moth snowstormBy Michael McCarthy John Murray, 2015; hbk, 262pp; no illustrations ISBN 978-1-4447-9277-5, £20.00 The title of this book might be lost on younger readers but those in middle age or beyond will remember the blizzard of moths, picked out by car headlights, on warm summer evenings in the countryside. This was taken for granted a few decades ago but it doesn't happen anymore and this book is, in part, a eulogy for all that has been lost through recent drastic declines in our wildlife. At the same time, it is a celebration of the wildlife and wild places that remain and a passionate argument for their defence - not, primarily, on the grounds of 'sustainable development' or to provide 'ecosystem services', which he argues are unlikely to succeed, but simply for the pure joy that the natural world can bring us. Although it was butterflies that first sparked his interest in wildlife, birds feature prominently throughout. There are evocative descriptions of childhood visits to remote parts of the Dee Estuary (armed with The Observer's Book of Birds), and of his later experiences as a national journalist covering stories about declines in farmland birds, the demise of London's House Sparrows Passer domesticus and the loss of the moth snowstorm itself - the 'great thinning' as he calls it. Farther afield, there is the depressing tale of the Saemangeum Estuary in South Korea, which he witnessed at first hand. Once three times the size of the Dee Estuary and a magnet for migrating waterbirds, it has now been consigned to history. The author's views about the natural world have clearly been heavily influenced by his own experiences, including some challenging times when wildlife was a sustaining force in his life. While joy in the natural world is a recurring theme, there is certainly no shortage of sadness and anger. This is something of a delicate balancing act and whether the book's ultimately hopeful message can survive the sobering accounts of losses (and the knowledge that more are inevitable) will depend on the temperament, or even mood, of the reader. The book, I think, poses an interesting question. When thinking about the current state of the natural world, do you focus primarily on all the amazing wildlife that we have lost, or on all the amazing wildlife that we have yet to lose? Either way, this is a thoughtful, engaging and deeply moving book and is highly recommended. Ian Carter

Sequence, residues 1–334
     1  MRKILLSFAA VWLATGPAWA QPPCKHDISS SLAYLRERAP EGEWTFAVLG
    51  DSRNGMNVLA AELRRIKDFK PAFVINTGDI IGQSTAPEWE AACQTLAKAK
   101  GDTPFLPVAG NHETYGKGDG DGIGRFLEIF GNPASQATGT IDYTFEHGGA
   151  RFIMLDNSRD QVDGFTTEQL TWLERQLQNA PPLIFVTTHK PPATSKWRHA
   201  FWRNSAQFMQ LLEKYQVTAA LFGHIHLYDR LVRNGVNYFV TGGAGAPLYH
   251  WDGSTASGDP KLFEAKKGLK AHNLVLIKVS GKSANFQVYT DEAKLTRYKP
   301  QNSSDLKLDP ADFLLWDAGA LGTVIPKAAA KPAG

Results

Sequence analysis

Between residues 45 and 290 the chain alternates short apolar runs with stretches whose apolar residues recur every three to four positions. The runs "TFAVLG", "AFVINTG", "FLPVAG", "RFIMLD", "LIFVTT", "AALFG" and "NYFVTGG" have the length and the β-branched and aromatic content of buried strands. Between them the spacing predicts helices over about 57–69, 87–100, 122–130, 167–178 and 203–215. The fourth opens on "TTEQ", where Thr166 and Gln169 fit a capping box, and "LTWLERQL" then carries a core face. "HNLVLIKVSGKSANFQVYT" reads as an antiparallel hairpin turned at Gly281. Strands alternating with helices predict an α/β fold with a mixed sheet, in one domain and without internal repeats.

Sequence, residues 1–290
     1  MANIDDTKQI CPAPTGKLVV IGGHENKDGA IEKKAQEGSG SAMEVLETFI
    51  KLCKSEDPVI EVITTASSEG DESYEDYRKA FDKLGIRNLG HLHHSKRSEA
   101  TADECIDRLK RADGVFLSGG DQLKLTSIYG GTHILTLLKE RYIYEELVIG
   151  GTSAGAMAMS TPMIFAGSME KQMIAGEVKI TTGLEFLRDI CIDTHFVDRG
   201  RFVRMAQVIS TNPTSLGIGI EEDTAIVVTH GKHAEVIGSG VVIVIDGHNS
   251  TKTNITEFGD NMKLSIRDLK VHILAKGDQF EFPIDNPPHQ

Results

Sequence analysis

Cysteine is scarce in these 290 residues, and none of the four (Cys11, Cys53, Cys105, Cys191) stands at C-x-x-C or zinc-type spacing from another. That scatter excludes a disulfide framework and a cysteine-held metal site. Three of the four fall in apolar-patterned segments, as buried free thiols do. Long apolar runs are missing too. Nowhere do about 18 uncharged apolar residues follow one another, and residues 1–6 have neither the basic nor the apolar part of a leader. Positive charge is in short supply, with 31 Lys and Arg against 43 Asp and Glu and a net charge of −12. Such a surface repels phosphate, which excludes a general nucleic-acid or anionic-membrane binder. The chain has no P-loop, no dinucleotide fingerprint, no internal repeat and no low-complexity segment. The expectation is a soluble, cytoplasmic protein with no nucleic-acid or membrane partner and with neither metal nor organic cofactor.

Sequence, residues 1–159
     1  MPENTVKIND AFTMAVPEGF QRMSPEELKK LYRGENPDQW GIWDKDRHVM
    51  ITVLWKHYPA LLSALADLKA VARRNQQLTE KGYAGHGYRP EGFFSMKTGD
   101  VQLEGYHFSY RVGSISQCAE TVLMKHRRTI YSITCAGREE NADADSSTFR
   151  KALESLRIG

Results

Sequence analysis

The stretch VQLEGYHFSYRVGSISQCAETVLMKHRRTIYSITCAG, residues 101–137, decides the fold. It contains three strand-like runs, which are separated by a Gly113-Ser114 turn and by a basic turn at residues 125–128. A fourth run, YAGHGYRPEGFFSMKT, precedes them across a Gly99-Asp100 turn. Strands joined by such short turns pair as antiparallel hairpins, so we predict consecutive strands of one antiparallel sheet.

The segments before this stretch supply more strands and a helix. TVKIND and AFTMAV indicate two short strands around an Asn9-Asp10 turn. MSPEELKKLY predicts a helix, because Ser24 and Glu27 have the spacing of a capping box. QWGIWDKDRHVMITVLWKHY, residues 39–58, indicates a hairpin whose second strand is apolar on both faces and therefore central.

Issue 12
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